VAR has become a major talking point in English football over the last year or more after it was first used on these shores for selected FA Cup games last season.
FIFA then made use of the additional technology at the World Cup in Russia. It has since returned to selected FA Cup games in 2018/19, been added to the Champions League by UEFA, and will soon be in use in the Premier League as of next season.
There are myths perpetuated by some pundits, commentators and journalists about how confusing it all is – (it absolutely isn’t confusing at all) – and it hasn’t been without critics, but the system works when correctly used, and actually works well.
It was beneficial for the World Cup, has already been beneficial for the Champions League, despite only being adopted last month, and promises to be beneficial for the upcoming Women’s World Cup this summer, as long as it is used well by the officials administering it.
But the reason VAR has specifically become a major talking point again in England this weekend in the FA Cup quarter finals is because it is not a fair system, for the simple reason that not everyone in the competition has access to it.
Throughout the FA Cup this season, VAR has only been in used for selected ties in each round, basically any time a Premier League club has played at home.
It meant that even at the quarter final stage of the competition, with a semi final place at Wembley at stake, VAR was not available in exactly half of the ties in the round.
Manchester United were correctly aided by the system, which saw a straight red card shown to defender Victor Lindelof overturned and reduced to a yellow, keeping the Swede on the pitch and avoiding an unwarranted suspension.
There was no call for it in Watford’s win over Crystal Palace, where it was available, but it was needed in the two other FA Cup games that didn’t have use of VAR and could have had definitively changed both ties by reversing multiple incorrect decisions.
On Sunday, Brighton were denied a legitimate winning goal in extra-time against Millwall as a result of an erroneous offside flag. Replays showed why assistant referee Sian Massey had raised the flag against Brighton full-back Martin Montoya as the Spaniard was the first player in her eye line, obscuring Millwall defenders who were playing him onside from her view. But the flag went up nonetheless and Jurgen Locadia’s goal, a more than likely winner, didn’t count.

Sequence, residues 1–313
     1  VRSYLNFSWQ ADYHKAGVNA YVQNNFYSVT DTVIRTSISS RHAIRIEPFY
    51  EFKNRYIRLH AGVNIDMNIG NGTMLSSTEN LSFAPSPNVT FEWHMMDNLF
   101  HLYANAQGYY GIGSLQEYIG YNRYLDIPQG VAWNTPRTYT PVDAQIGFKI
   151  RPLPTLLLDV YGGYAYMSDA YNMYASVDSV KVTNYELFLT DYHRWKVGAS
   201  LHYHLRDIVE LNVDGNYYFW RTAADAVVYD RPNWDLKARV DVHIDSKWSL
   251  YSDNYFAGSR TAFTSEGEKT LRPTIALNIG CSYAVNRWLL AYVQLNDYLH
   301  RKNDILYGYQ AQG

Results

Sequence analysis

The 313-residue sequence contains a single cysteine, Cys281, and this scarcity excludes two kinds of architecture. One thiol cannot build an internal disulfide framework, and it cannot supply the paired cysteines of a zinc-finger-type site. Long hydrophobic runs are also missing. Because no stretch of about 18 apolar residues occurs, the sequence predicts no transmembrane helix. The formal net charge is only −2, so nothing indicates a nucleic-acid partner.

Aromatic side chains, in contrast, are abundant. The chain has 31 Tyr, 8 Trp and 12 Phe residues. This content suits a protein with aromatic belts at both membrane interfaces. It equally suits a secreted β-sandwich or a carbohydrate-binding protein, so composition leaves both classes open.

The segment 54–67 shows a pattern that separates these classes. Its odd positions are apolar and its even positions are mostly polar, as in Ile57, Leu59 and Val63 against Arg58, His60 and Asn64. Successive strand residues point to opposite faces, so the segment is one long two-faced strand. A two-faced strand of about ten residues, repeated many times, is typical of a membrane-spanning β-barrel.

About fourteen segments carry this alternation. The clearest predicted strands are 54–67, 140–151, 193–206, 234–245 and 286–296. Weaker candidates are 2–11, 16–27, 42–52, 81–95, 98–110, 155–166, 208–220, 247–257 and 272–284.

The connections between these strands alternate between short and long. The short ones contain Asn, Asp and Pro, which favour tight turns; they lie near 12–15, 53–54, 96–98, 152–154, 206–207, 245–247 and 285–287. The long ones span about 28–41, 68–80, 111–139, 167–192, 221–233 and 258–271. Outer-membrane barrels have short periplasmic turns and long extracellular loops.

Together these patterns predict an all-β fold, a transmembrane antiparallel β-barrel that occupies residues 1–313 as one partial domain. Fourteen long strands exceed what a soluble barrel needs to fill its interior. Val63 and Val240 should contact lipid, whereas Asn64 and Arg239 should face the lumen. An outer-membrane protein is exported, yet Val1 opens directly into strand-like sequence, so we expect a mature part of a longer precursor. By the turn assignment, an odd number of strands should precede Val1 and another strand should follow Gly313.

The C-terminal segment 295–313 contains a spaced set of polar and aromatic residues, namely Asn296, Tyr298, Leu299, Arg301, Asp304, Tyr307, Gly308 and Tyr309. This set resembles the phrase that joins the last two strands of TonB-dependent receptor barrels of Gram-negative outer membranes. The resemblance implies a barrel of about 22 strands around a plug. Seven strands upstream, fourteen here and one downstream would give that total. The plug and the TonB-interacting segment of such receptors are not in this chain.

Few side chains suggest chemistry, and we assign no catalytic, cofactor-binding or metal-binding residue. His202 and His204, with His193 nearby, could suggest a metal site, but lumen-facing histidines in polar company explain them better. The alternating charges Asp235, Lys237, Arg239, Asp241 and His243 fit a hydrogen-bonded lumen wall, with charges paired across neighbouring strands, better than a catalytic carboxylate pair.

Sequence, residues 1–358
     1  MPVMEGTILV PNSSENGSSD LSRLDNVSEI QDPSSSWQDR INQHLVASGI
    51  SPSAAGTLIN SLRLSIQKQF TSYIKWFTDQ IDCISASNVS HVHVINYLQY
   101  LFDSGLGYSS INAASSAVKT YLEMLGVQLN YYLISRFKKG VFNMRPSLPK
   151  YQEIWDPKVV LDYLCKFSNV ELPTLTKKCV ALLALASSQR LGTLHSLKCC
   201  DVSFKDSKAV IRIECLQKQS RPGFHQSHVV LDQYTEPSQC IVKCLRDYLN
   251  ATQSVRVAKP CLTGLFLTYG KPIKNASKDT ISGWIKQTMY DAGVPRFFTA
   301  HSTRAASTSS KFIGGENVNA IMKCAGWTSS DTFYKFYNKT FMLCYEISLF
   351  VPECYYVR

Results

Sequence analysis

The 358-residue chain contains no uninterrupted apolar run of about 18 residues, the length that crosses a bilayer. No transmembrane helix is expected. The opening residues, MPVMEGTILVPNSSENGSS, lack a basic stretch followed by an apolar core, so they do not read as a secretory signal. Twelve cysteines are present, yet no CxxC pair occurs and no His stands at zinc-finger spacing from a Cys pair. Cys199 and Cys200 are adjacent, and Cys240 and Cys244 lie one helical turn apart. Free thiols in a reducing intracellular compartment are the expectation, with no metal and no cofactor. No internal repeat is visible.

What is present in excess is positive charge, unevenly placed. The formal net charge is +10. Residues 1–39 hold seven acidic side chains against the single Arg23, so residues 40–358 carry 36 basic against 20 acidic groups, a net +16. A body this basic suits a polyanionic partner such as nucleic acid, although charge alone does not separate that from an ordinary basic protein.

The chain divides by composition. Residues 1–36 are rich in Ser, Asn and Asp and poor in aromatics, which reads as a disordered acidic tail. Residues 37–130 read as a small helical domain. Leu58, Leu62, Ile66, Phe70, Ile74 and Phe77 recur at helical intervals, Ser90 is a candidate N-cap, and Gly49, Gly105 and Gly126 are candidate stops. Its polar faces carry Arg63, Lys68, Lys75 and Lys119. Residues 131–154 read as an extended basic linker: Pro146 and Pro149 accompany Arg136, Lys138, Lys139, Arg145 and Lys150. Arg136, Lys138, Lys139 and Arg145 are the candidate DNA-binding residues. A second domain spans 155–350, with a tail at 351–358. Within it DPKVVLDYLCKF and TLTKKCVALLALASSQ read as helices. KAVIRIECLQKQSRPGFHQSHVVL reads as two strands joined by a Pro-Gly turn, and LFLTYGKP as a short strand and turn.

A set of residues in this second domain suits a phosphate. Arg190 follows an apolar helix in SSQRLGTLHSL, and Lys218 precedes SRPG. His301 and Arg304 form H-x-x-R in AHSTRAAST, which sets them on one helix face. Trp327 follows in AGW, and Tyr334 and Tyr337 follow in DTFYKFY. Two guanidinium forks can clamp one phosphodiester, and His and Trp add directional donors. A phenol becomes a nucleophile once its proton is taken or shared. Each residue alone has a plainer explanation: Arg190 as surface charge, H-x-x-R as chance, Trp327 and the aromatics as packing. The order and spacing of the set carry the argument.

VAR would have easily ensured the right decision was made, but it wasn’t available. The game subsequently went to penalties and the officiating mistake could have cost Brighton their rightful place in the next round. As it happens, they won the shootout and just about made it through.
Swansea weren’t so fortunate. The Championship side were leading Premier League giants Manchester City 2-0 when they needed VAR to potentially overturn a contentious penalty decision that brought Pep Guardiola’s team back into the game. Replays showed Swansea defender Cameron Carter-Vickers played the ball before making contact with Raheem Sterling, yet there was no one to tell referee Andre Marriner the incident was at least worth another look.
After City later equalised via a cruel own goal from superb Swansea goalkeeper Kristoffer Nordfeldt, the winner came in the final few minutes when Sergio Aguero squeezed a header in. It was quickly obvious that Aguero had been in an offside position and that the goal should not have been chalked off, but, again, with no VAR to call upon, it had to wrongly stand.
Speaking after the game, Swansea defender Mike van der Hoorn seemed genuinely surprised that VAR was available in two other FA Cup ties over the weekend, but not for his team.
“Is it? That’s a bit rude,” the Dutchman replied when informed of the fact by BBC Sport. “If you do it at one you should have them at all. For us, and even for City, it’s a big game. We want to go to Wembley and [not having it at every game is] a bit weird.”
Use in ‘Premier League stadiums only’ for VAR makes a mockery of the FA Cup.
The system is great for leagues or tournaments where every club involved has the same chance of being affected by it. But where it automatically creates an uneven playing field in other competitions, as proven by the FA Cup this weekend, it is better off not being used at all.